|Publication number||US3960712 A|
|Application number||US 05/539,466|
|Publication date||Jun 1, 1976|
|Filing date||Jan 8, 1975|
|Priority date||Apr 30, 1973|
|Publication number||05539466, 539466, US 3960712 A, US 3960712A, US-A-3960712, US3960712 A, US3960712A|
|Inventors||John E. Conway|
|Original Assignee||Universal Oil Products Company|
|Export Citation||BiBTeX, EndNote, RefMan|
|Patent Citations (3), Referenced by (45), Classifications (18), Legal Events (2)|
|External Links: USPTO, USPTO Assignment, Espacenet|
The present invention is a continuation-in-part of my copending application, Ser. No. 356,013 filed Apr. 30, 1973, now abandoned, all the teachings of this application are incorporated herein by specific reference thereto.
The invention described herein relates to a process for the desulfurization of asphaltene-containing black oil. More specifically, the present invention is directed toward a process for effecting a reduction in the sulfur content of atmospheric tower bottoms products, vacuum tower bottoms products, crude oil residuum, topped crude oils, the crude oils extracted from tar sands and shale, and whole crude oil, all of which are sometimes referred to as "black oils," and which contain a significant quantity of asphaltenic material.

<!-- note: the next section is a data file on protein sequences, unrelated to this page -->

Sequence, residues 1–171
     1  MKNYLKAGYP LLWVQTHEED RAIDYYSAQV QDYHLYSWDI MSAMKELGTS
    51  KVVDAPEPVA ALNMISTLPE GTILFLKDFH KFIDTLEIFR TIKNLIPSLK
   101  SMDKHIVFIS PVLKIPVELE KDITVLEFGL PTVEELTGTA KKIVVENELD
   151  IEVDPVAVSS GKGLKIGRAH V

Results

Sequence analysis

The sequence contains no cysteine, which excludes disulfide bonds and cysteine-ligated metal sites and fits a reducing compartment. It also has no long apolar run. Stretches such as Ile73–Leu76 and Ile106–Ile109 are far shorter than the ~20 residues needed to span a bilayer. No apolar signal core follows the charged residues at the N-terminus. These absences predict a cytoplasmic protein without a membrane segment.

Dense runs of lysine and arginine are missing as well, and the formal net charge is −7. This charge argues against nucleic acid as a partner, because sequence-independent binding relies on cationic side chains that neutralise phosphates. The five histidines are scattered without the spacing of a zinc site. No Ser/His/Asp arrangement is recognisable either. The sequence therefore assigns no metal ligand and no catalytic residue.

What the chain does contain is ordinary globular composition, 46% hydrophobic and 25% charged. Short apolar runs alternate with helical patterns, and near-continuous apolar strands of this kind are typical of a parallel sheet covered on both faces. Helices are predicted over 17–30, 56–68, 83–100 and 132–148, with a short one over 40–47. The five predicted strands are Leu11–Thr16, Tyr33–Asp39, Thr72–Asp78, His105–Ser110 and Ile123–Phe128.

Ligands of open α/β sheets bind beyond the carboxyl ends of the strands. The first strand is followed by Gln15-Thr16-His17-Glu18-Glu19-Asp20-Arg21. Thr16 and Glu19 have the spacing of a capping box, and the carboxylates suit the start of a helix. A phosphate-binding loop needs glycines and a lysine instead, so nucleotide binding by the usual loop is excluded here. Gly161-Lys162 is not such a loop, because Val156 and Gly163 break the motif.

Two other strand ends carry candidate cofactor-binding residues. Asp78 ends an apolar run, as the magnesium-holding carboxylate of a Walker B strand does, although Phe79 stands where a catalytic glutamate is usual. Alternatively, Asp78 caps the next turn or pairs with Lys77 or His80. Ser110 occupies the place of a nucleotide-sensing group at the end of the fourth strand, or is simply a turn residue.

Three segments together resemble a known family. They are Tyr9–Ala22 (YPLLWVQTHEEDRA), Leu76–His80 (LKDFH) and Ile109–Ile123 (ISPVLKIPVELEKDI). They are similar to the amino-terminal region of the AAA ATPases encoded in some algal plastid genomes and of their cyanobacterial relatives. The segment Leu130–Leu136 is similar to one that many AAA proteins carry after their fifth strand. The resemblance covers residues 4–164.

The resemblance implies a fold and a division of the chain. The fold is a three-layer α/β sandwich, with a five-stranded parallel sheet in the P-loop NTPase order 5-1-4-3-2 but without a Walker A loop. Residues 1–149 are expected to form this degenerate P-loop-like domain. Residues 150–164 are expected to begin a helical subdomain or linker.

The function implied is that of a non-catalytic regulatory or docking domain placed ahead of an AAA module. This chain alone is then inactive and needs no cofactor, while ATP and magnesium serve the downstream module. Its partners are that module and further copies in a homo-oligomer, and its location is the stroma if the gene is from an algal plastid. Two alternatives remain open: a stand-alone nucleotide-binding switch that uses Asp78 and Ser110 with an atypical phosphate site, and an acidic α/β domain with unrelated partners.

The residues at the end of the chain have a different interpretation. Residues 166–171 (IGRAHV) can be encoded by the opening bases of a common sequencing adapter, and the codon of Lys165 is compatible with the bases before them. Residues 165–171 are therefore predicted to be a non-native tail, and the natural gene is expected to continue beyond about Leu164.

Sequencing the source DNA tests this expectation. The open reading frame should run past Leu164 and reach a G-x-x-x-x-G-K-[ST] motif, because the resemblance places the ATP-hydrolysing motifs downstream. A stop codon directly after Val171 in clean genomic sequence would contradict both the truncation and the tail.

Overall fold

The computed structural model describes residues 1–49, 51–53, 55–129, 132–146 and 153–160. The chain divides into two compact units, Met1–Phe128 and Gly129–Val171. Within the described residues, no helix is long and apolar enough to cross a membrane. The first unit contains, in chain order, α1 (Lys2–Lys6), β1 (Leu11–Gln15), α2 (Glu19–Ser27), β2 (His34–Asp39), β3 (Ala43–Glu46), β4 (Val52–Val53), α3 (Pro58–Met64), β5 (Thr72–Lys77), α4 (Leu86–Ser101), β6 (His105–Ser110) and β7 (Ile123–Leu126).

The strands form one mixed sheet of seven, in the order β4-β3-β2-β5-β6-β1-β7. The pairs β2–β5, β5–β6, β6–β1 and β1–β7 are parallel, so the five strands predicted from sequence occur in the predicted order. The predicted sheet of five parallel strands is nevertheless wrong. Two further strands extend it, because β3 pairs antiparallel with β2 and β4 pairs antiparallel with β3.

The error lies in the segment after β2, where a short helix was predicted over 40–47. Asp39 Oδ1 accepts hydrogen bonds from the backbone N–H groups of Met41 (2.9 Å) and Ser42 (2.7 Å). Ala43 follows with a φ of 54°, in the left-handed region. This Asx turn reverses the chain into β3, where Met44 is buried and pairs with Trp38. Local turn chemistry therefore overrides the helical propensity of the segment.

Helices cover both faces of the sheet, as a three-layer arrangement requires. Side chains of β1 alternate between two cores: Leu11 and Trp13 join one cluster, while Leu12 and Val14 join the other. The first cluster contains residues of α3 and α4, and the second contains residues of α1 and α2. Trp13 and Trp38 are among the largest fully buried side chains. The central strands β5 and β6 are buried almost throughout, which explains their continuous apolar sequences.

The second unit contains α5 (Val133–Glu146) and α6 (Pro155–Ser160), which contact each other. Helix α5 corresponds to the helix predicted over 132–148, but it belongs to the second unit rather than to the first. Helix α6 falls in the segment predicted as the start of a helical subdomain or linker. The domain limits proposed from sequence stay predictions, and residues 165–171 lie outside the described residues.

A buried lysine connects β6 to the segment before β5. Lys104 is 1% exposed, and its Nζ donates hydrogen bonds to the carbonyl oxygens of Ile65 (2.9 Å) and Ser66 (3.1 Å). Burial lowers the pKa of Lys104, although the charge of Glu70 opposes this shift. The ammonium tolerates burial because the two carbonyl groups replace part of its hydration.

Petroleum crude oils, particularly heavy oils extracted from tar sands and topped or reduced crudes, contain high molecular weight sulfurous compounds in exceedingly large quantities. In addition, such crude or black oils contain excessive quantities of nitrogenous compounds, high molecular weight organo-metallic complexes consisting principally of nickel and vanadium, and asphaltenic material. The latter is generally found to be complexed, or linked with sulfur and, to a certain extent, with the organo-metallic contaminants. The utilization of these highly contaminated black oils, as a source of more valuable liquid hydrocarbon products, is precluded unless the sulfur and asphaltene content is sharply reduced, and such a reduction is not easily achieved by preferred techniques involving fixed bed catalytic processing.